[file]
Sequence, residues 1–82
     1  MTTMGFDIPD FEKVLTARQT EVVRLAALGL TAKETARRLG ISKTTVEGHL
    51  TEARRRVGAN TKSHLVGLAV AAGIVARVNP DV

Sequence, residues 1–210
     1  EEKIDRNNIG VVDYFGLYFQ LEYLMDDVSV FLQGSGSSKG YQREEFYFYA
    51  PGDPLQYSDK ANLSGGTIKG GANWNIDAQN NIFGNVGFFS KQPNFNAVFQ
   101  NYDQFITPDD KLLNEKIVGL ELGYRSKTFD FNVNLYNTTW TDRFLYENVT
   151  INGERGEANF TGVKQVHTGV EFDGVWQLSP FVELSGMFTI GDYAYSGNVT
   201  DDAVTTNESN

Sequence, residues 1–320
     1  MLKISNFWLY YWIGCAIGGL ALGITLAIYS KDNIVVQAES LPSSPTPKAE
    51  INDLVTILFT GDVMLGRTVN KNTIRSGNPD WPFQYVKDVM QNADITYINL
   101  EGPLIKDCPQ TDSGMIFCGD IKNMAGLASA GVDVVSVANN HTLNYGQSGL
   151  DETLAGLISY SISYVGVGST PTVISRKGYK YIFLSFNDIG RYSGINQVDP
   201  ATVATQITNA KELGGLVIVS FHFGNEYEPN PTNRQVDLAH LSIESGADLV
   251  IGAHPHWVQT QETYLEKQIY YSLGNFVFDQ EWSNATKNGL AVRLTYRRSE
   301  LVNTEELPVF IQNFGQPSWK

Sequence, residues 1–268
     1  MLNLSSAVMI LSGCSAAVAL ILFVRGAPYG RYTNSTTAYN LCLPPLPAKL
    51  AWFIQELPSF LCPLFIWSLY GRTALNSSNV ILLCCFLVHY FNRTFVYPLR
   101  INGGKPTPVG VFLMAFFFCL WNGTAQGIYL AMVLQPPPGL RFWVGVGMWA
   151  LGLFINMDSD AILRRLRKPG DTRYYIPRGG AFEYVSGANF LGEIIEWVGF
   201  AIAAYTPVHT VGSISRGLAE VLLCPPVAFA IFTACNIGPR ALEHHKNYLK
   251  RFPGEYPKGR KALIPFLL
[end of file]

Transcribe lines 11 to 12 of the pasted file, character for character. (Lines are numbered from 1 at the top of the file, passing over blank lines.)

     1  MLKISNFWLY YWIGCAIGGL ALGITLAIYS KDNIVVQAES LPSSPTPKAE
    51  INDLVTILFT GDVMLGRTVN KNTIRSGNPD WPFQYVKDVM QNADITYINL